its almost extempore sport and play, it must have stil two splendid exceptions to this remark-Burns, and Marco greater capacity in itself. Bozzarris,poems in which the delicacy and energy of the

Fanny, and the Croaker Epistles swarm with local and author's mind find free expression. They show that if the personal allusions which a New-Yorker alone can fully poet commonly plays with his subject, it is not from an in-appreciate. Van Buren, Webster, Clinton, the politicians capacity to feel and conceive it vividly, but from a beautiful and authors generally of the period when the poems were willfulness of nature, which is impatient of the control of written, are all touched with a light and graceful peneil. one idea or emotion. Halleck’s perceptions of the ideal Fanny is conceived and executed after the manner of and practical appears equally clear and vivid. His fancy Byron's Beppo and Don Juan. It is full of brilliant cannot suggest a poetical view of life, without his wit at rogueries, produced by bringing sentiment and satire the same time suggesting its prosaic counterpart in society. | together with a shock. For instance, A mind thus exquisitely sensitive both to the beautiful and Dear to the exile is his native land, laughable sides of a subject-looking at life at once with

In memory's twilight beauty seen afar:

Dear to the broker is a note of hand the eye of the poet and the man of the world—naturally

Collaterally secured—the polar star finds delight in a fine mockery of its own idealisms, and Is dear at midnight to the sailor's eyes, loves to sport with its own high-raised feelings. His

And dear are Brisled's volumes at half price. poetry is not, therefore, so much an exhibition of the real The sun is loveliest as he sinks to rest; nature and capacity of the man, as of the play and inter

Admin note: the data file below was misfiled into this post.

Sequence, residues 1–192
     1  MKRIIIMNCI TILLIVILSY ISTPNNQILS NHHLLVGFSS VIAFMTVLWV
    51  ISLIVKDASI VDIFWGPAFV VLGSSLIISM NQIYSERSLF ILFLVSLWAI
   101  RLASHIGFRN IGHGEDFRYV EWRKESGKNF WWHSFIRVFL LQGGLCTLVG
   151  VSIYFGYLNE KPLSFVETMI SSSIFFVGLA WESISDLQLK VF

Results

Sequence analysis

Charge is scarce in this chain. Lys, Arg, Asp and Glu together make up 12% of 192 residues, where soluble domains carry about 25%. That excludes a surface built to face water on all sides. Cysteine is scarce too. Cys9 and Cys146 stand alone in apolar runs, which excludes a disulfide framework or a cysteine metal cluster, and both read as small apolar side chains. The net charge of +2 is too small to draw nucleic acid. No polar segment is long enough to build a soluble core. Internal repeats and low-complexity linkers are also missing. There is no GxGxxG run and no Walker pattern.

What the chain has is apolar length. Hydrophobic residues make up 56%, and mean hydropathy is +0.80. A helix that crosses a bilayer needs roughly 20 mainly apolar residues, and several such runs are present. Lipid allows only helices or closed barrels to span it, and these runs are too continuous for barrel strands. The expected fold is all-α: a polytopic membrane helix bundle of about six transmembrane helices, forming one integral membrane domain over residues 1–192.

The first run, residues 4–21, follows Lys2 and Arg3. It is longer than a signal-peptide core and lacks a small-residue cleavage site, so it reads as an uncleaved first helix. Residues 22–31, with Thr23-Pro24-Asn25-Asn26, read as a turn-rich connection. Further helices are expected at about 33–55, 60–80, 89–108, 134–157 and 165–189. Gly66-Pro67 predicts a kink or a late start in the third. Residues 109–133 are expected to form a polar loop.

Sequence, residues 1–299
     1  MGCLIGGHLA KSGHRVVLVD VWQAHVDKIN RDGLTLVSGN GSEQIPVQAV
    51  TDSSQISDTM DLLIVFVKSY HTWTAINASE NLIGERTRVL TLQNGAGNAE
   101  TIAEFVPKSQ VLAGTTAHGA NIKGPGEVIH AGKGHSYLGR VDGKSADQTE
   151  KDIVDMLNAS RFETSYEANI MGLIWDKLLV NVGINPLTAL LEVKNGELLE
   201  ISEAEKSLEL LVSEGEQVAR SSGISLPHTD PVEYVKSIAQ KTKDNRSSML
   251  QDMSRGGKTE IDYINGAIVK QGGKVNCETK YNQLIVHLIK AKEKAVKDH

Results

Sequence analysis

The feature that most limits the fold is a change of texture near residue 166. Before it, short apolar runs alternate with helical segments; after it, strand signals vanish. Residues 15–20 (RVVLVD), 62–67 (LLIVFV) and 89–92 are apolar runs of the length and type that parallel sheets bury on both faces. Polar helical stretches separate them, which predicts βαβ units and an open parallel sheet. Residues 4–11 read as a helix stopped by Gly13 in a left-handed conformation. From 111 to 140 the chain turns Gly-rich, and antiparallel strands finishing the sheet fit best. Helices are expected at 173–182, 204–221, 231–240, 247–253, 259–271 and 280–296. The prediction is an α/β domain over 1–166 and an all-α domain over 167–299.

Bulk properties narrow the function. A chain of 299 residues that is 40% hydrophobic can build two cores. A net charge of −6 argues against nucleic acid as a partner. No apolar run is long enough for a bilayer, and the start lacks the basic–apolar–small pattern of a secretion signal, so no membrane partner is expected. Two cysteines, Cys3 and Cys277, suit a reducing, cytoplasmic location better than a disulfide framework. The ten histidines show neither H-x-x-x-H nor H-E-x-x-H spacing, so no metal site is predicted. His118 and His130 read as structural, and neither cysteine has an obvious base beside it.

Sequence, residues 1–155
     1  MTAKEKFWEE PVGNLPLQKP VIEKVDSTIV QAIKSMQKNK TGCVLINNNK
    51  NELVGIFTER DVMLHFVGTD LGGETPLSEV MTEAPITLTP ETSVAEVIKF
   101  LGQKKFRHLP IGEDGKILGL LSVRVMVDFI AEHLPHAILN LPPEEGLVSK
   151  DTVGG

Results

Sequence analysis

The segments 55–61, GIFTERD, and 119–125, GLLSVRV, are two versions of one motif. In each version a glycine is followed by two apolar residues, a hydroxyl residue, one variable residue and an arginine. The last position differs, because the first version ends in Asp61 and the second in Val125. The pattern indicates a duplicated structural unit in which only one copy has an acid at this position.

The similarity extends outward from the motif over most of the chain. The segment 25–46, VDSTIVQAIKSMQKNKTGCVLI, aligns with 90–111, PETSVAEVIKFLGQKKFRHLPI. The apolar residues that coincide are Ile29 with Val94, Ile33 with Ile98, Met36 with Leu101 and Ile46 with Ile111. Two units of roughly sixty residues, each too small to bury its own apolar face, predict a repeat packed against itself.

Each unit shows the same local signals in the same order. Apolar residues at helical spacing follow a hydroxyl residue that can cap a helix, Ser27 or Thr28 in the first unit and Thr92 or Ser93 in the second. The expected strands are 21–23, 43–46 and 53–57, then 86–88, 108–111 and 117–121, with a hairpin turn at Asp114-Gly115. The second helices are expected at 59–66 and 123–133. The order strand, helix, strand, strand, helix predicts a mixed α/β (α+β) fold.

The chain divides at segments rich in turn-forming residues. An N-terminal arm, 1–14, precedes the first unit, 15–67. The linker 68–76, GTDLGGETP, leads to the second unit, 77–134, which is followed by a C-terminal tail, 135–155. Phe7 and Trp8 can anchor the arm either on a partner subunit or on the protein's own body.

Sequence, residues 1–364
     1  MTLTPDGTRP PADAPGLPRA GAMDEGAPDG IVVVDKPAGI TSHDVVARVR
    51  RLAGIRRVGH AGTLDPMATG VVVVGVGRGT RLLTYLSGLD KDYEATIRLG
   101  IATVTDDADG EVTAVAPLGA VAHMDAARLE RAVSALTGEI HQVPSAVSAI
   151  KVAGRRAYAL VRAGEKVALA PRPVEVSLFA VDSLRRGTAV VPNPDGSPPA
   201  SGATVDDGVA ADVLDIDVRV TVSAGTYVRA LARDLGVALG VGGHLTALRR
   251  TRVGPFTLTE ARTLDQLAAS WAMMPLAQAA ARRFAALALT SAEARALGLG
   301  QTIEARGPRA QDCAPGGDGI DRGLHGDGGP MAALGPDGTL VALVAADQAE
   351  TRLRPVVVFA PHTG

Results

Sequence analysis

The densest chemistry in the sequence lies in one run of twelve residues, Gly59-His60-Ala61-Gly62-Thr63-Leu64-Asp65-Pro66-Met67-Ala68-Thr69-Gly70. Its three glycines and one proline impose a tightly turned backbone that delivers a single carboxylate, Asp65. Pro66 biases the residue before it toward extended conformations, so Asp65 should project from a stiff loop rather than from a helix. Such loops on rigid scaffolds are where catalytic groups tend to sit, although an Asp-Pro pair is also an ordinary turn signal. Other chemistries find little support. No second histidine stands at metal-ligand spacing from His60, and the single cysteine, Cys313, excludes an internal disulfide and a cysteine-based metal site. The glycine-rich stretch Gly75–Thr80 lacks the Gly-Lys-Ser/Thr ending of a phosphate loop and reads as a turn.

The leaves of Autumn smile when fading fast; penetration of his various mental powers, in periods of

The swan's last song is sweetest—and the best

Of Meige's speeches, doubtless, was his lasi. pleasant relaxation from the business of life. In a few instances, we think, his humorous insight has been deceived In a mocking attempt to prove that New York exceeded from the unconscious influence upon his mind of the senti.

Greece in the Fine Arts, we have the following convincing ment of Byron and Moore. Thus he occasionally falls arguments : into the exaggerations of misanthropy and sentimentality.

In sculpture we've a grace the Grecian master, In his poem entitled Woman, we are informed that man Blushing, had owned his purest model lacks; has no constancy of affection,

We've Mr. Bogart in the best of plaster,

The Witch of Endor in the best of wax,
His vows are broke,

Beside the head of Franklin on the roof
Even while his parting kiss is warın;

Of Mr. Lang, both jest and weather-proof.
But woman's love all change will mock,
And, like the ivy round the oak,

In painting we have Trumbull's proud chef d'autre,
Cling closest in the storm.

Blending in one the funny and ihe fine ;

His independence will endure forever

body's mind is made up on those points. The present And so will Mr. Allen's lottery sign; And all that grace the Academy of Arts,

edition is admirably adapted to convey to the reader From Dr. Hosack's face to Bonaparte's.

Byron's idea of himself, the opinions formed of him by his

contemporaries, and the effect of his several works on the In physic, we have Francis and McNeven,

Famed for long heads, short lectures, and long bills; public mind as they appeared. It contains an immense And Quackenboss, and others, who from heaven

number of notes by Moore, Scott, Jeffrey, Campbell, Were rained upon us in a shower of pills.

Wilson, Rogers, Heber, Milman, Gifford, Ellis, Bridges, It would be impossible to give a notion of the genial and others, which will be found extremely useful and satire of the Croakers by extracts. The following, from entertaining. Extracts are iaken from Byron's own diary, the epistle to the Recorder, is unmatched for felicity and

and from the recorders of his conversations, giving an acexquisite contrast :

curate impression of eaeh poem, as regards its time and The Cæsar passed the Rubicon

manner of composition, the feelings from which it sprung, With helm, and shield, and breast-plate on,

and the opinion he entertained of its reception by the public. Dashing his war-horse through the waters; Profuse quotations are made from the first draught of each The R*d* would have built a barge,